Dangendorf tells Carbon Brief that, to his knowledge, this study is “the first time such an approach to estimate the human imprint on Hurricane Sandy due to increasing sea levels,” adding that the study is “a very much needed contribution to the literature”.
Dangendorf says that the estimate of the climate change-driven contribution to global sea level rise is “very robust”, adding that the authors have “done a tremendous effort in using different approaches and accounting for the uncertainties”.
However, he adds that the attribution of New York-specific sea level rise is “a little less robust, as there haven’t been any formal detection and attribution studies on regional sea level change in the literature”, noting that it produces a “conservative” estimate.
Dr Matt Palmer from the UK Met Office, who was not involved in the study, tells Carbon Brief that the study is “pioneering”, as well as “an important step forward in improved understanding of the social and economic costs associated with anthropogenic sea level rise, which is needed to help inform climate policy and coastal management”.
However, he notes that there is still uncertainty in attributing sea level rise to human-driven climate change:
“We know that a substantial fraction of that sea level rise is directly related to greenhouse gas forcing of the climate system, although we cannot give a precise number.”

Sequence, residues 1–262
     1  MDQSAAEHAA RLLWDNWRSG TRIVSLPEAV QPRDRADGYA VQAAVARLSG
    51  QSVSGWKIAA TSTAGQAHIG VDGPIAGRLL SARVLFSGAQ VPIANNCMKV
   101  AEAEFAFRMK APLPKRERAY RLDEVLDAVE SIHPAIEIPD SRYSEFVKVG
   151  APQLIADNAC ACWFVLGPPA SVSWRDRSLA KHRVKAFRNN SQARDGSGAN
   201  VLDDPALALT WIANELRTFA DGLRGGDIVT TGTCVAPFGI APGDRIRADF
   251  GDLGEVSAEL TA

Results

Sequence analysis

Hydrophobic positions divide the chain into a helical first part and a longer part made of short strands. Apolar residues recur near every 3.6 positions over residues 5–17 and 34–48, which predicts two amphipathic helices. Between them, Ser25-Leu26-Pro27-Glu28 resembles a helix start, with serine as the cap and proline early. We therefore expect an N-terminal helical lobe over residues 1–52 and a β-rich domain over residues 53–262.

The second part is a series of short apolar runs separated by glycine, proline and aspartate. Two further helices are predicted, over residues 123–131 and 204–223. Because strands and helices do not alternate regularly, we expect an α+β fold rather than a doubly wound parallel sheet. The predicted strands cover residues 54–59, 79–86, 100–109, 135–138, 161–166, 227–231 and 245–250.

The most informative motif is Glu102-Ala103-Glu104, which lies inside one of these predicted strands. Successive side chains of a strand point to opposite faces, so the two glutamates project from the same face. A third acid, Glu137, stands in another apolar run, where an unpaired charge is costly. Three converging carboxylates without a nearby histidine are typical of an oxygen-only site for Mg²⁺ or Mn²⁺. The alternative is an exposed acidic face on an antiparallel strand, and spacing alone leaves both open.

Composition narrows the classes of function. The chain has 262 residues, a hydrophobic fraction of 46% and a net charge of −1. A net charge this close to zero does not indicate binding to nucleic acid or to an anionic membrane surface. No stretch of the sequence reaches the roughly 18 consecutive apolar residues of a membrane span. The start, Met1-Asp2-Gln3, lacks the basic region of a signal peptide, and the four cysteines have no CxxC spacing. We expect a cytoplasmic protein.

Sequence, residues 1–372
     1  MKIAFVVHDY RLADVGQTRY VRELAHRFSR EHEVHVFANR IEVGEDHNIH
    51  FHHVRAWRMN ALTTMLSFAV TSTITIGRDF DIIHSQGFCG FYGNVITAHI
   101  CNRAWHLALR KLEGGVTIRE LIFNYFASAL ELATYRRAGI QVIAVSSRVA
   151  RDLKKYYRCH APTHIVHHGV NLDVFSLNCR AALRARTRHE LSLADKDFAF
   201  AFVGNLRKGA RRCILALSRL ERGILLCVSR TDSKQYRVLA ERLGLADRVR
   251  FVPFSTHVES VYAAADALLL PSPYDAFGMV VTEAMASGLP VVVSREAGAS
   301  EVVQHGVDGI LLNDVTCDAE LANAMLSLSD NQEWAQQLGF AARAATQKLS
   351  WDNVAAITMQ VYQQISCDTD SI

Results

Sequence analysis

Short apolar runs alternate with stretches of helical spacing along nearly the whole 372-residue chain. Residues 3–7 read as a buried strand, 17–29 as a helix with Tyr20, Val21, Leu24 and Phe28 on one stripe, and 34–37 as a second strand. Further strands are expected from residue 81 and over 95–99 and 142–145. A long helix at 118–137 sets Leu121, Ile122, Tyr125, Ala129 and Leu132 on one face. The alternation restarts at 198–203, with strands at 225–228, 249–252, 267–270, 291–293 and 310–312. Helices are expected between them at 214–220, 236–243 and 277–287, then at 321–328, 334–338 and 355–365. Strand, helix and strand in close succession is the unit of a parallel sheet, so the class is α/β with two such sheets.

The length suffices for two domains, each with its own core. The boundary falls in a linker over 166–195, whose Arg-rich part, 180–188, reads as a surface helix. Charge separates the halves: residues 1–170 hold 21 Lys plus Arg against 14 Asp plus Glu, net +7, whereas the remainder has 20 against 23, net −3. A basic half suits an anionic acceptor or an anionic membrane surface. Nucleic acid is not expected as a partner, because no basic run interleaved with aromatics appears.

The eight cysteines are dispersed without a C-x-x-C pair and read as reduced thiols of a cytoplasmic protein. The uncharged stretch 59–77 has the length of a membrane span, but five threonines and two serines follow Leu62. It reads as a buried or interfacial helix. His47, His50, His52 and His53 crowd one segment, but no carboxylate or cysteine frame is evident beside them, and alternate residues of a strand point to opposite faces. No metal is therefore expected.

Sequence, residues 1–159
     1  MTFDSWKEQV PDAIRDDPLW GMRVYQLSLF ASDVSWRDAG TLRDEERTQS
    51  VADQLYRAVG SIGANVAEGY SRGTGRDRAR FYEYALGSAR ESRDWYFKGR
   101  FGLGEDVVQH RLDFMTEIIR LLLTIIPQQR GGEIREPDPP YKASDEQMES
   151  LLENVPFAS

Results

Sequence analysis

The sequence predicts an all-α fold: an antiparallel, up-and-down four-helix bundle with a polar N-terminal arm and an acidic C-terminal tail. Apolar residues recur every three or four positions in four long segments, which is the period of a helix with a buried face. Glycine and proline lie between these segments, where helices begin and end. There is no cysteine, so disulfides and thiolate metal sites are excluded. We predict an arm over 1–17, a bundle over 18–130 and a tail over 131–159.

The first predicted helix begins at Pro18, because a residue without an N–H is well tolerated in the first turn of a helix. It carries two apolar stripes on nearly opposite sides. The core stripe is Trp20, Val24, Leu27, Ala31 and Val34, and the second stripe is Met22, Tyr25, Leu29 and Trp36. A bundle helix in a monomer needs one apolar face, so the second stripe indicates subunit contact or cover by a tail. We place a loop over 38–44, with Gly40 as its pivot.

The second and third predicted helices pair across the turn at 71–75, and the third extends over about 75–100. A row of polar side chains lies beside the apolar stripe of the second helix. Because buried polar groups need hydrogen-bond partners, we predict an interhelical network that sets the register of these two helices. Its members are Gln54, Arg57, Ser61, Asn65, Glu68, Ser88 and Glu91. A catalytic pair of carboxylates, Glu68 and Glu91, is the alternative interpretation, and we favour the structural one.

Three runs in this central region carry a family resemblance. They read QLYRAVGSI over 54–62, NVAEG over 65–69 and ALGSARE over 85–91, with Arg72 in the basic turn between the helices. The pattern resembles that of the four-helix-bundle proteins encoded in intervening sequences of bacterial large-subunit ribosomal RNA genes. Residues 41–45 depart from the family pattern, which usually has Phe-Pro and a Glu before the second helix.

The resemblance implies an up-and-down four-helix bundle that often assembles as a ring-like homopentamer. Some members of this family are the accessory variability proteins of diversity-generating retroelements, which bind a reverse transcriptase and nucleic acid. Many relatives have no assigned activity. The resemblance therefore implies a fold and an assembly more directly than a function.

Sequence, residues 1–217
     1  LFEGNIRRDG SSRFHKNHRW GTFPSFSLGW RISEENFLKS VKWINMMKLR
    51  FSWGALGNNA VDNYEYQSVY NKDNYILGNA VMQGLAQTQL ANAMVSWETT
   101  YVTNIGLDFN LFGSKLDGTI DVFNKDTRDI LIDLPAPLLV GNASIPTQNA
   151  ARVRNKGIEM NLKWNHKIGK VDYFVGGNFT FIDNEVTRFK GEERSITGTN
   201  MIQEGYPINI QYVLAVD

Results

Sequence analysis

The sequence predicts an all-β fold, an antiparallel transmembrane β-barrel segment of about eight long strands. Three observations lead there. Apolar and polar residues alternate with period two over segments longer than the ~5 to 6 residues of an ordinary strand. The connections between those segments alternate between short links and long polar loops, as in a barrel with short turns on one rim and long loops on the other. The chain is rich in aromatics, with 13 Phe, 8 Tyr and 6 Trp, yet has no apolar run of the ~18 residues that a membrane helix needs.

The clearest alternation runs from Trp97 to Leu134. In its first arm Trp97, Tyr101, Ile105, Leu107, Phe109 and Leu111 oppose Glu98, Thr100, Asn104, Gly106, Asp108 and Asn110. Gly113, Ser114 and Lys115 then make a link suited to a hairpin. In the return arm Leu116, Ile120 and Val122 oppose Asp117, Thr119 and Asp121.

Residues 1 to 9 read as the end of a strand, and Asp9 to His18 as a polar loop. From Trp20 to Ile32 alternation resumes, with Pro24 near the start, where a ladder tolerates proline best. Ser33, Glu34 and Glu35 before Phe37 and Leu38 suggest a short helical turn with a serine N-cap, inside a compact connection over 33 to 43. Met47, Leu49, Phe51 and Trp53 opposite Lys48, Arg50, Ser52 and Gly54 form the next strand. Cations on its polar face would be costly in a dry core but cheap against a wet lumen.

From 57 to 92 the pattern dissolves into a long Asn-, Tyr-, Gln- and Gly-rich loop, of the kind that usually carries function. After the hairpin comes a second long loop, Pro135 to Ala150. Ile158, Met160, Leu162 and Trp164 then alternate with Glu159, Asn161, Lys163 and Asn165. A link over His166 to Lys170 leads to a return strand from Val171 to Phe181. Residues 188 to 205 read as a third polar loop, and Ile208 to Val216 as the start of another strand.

Prof Peter Stott – head of climate monitoring and attribution at the UK Met Office who was also not involved in the research – tells Carbon Brief that this is an “important study”, as it considers costs that are “often not fully taken account of in traditional economic assessments of the costs of climate change”.
However, he highlights that the high uncertainty in sea level attribution “translates directly into tens of billions of dollars worth of damage”. He also says it is “worth noting” that other analyses of storms have found higher costs from climate change – for example, a 2020 analysis of Hurricane Harvey, which estimates that $67bn of the total $90bn cost of that hurricane could be blamed on anthropogenic climate change.
As the planet warms and sea levels continue to rise, coastal floods are likely to get more severe. Christidis says that a good extension to the work would, therefore, be to “consider future risks under different scenarios”.
Strauss, B. H et al. (2021) Economic damages from Hurricane Sandy attributable to sea level rise caused by anthropogenic climate change, Nature Communications, doi: 10.1038/s41467-021-22838-1